In the US, assisted dying as an option for terminally ill, mentally competent adults in their final months of life is legal in 11 jurisdictions: Oregon (1997), Washington, Vermont, Montana, the District of Columbia, California, Colorado, Hawaii, New Jersey, Maine and New Mexico (legislation approved April 2021).
In Australia, assisted dying is a legal choice for terminally ill citizens in all states, with only the territories remaining: Victoria (June 2019), Western Australia, Tasmania, South Australia, Queensland and New South Wales (May 2021).
In November 2021 New Zealand implemented an assisted dying law which legalised this option for terminally ill, mentally competent citizens, following a public referendum on the End of Life Choice Act in October 2020.
Spain passed a law allowing euthanasia in March 2021.
Austria’s Supreme Court ruled in December 2020 that its blanket ban on assisted dying is unconstitutional. Assisted dying became legal for adults who are terminally ill or have a permanent, debilitating condition in Austria in January 2022.
In November 2021, an Italian ethics committee approved for the first time an assisted dying request, after a 2019 Constitutional Court ruling that assisted dying is lawful for terminally ill people and those with chronic and irreversible conditions that cause suffering the person considers intolerable. In February 2022 Italy’s Constitutional Court rejected a petition to hold a referendum on assisted dying.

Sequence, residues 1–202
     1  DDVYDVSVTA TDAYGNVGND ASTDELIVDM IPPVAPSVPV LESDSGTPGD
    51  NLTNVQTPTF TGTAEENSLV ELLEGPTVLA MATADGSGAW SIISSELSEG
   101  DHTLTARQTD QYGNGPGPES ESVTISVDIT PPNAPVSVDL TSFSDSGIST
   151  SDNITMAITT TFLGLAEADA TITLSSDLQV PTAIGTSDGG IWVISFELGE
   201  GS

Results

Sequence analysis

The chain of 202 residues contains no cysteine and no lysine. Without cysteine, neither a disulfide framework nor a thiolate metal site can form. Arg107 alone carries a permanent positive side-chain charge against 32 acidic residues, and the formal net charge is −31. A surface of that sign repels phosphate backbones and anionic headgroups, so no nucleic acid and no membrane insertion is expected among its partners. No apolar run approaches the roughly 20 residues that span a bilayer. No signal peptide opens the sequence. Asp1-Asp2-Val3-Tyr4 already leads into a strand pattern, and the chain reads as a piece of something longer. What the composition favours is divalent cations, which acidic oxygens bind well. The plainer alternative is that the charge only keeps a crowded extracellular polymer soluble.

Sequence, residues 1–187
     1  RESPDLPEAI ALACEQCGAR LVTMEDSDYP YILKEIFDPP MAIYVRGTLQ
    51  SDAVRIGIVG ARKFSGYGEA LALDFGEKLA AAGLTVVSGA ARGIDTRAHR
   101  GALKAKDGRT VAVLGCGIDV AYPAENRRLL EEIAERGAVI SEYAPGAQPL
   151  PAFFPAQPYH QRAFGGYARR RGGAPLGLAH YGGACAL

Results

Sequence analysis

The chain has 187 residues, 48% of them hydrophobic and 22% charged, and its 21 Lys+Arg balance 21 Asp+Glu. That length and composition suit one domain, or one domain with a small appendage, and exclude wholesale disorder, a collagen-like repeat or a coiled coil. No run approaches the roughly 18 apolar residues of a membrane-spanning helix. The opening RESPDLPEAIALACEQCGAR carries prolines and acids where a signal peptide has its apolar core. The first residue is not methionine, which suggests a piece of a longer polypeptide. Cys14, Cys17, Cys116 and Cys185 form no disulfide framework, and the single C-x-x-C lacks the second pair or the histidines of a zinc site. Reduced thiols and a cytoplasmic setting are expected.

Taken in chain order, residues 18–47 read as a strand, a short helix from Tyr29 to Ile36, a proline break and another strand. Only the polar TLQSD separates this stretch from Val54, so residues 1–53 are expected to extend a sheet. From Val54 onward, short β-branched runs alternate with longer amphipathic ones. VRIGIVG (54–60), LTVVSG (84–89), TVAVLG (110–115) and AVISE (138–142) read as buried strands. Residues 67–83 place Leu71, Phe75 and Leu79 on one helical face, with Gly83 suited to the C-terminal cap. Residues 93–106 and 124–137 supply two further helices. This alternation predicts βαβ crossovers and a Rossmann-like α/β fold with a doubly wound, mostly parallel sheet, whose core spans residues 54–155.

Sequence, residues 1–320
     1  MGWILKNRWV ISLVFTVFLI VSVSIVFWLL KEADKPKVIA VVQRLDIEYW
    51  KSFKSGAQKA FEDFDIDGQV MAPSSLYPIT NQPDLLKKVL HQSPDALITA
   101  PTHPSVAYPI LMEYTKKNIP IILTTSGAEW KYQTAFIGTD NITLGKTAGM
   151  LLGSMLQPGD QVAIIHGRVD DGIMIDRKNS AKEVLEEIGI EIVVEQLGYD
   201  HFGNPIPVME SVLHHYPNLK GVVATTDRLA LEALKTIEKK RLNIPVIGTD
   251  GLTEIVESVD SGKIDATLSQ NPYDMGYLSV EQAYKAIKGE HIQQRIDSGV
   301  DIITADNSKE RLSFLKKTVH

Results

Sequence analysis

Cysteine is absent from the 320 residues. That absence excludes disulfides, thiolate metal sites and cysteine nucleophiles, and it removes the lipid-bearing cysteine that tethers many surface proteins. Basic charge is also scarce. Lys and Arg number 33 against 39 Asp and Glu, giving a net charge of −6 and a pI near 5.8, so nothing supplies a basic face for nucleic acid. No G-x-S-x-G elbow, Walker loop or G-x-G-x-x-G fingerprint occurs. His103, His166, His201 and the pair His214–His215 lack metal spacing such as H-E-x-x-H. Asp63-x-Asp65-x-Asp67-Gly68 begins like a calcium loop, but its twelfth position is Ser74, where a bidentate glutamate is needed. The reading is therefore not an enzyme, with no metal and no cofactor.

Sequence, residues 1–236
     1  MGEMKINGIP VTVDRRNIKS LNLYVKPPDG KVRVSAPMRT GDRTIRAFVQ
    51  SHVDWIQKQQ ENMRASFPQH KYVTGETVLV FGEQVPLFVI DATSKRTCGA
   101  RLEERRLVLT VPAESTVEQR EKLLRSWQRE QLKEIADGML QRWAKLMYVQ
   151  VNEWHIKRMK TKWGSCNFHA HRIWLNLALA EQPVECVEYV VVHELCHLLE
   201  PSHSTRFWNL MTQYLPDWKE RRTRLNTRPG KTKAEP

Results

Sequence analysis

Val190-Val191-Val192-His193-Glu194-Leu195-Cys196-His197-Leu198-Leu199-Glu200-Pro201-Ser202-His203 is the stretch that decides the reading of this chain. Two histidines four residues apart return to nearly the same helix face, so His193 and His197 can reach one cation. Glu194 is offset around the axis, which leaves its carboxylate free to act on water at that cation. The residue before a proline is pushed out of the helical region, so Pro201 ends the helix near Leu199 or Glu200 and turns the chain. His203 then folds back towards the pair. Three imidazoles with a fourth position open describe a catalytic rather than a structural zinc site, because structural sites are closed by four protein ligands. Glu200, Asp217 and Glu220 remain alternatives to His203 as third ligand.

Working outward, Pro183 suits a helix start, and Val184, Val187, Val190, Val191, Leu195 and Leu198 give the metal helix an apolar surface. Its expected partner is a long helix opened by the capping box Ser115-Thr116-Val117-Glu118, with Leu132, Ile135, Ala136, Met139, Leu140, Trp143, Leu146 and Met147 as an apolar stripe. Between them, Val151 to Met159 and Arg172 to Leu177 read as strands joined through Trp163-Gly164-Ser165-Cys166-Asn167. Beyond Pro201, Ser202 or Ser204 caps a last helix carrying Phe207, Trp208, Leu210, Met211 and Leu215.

In Portugal, the President of the Republic, Marcelo Rebelo de Sousa, rejected, for the second time, the assisted dying bill, which needed to be approved by him to enter into force. The Bill, which has already been approved twice by Parliament, will now need to be debated again.
Germany began considering potential assisted dying legalisation in January 2021 after its Constitutional Court struck down the ban in 2020.
Canada introduced assisted dying legislation in 2016 permitting those suffering from a grievous and irremediable medical condition.
In Colombia legislation was passed in 2015 which permits those with terminal illness or unbearable suffering to request access to life-ending medication.
Assisted dying is permitted in Switzerland, including for foreign nationals, and broader right-to-die laws are in place in Belgium, the Netherlands and Luxembourg.